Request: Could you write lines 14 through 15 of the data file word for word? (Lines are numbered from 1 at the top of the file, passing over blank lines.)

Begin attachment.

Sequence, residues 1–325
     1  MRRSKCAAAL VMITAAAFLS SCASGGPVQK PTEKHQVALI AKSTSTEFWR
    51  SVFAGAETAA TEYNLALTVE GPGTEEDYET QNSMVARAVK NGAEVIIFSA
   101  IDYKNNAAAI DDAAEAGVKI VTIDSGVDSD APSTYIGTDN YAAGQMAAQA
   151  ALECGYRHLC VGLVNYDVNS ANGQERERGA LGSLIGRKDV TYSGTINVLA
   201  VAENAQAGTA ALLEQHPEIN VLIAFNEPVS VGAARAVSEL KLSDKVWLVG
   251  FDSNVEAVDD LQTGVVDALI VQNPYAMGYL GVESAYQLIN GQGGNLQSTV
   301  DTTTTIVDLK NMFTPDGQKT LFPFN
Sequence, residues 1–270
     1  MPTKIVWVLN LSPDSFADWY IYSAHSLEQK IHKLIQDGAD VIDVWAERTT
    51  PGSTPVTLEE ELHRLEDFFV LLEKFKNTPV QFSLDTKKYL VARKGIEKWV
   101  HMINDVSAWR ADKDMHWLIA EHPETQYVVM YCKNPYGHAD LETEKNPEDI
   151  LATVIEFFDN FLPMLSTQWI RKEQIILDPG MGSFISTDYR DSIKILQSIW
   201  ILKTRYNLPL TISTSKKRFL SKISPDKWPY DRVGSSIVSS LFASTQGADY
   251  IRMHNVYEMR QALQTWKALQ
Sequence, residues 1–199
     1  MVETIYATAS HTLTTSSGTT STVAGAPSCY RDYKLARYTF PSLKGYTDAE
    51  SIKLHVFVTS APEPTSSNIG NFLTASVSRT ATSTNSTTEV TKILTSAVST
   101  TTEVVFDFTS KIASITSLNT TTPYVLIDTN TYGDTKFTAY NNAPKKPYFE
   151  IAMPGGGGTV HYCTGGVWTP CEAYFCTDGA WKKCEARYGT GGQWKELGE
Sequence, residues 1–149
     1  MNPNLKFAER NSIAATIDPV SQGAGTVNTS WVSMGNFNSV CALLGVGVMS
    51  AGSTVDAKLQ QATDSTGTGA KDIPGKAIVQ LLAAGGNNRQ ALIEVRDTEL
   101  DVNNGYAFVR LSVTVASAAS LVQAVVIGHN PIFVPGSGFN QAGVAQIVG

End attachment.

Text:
   201  ILKTRYNLPL TISTSKKRFL SKISPDKWPY DRVGSSIVSS LFASTQGADY
   251  IRMHNVYEMR QALQTWKALQ